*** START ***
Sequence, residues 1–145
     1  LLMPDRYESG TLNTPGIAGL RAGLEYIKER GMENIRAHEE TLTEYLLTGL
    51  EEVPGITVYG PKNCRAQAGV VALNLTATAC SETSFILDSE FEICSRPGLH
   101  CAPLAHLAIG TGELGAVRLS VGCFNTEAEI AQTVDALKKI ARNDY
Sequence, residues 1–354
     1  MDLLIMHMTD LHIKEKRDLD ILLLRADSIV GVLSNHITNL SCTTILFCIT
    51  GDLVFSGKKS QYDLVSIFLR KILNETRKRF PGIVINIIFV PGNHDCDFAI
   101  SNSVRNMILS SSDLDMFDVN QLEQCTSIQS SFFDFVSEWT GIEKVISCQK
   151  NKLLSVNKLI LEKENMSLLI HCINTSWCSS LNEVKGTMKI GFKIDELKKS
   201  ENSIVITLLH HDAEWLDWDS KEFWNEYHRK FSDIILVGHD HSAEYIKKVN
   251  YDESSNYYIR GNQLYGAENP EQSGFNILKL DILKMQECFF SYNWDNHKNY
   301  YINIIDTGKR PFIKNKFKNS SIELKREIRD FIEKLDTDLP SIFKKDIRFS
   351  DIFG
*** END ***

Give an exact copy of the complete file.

Sequence, residues 1–145
     1  LLMPDRYESG TLNTPGIAGL RAGLEYIKER GMENIRAHEE TLTEYLLTGL
    51  EEVPGITVYG PKNCRAQAGV VALNLTATAC SETSFILDSE FEICSRPGLH
   101  CAPLAHLAIG TGELGAVRLS VGCFNTEAEI AQTVDALKKI ARNDY
Sequence, residues 1–354
     1  MDLLIMHMTD LHIKEKRDLD ILLLRADSIV GVLSNHITNL SCTTILFCIT
    51  GDLVFSGKKS QYDLVSIFLR KILNETRKRF PGIVINIIFV PGNHDCDFAI
   101  SNSVRNMILS SSDLDMFDVN QLEQCTSIQS SFFDFVSEWT GIEKVISCQK
   151  NKLLSVNKLI LEKENMSLLI HCINTSWCSS LNEVKGTMKI GFKIDELKKS
   201  ENSIVITLLH HDAEWLDWDS KEFWNEYHRK FSDIILVGHD HSAEYIKKVN
   251  YDESSNYYIR GNQLYGAENP EQSGFNILKL DILKMQECFF SYNWDNHKNY
   301  YINIIDTGKR PFIKNKFKNS SIELKREIRD FIEKLDTDLP SIFKKDIRFS
   351  DIFG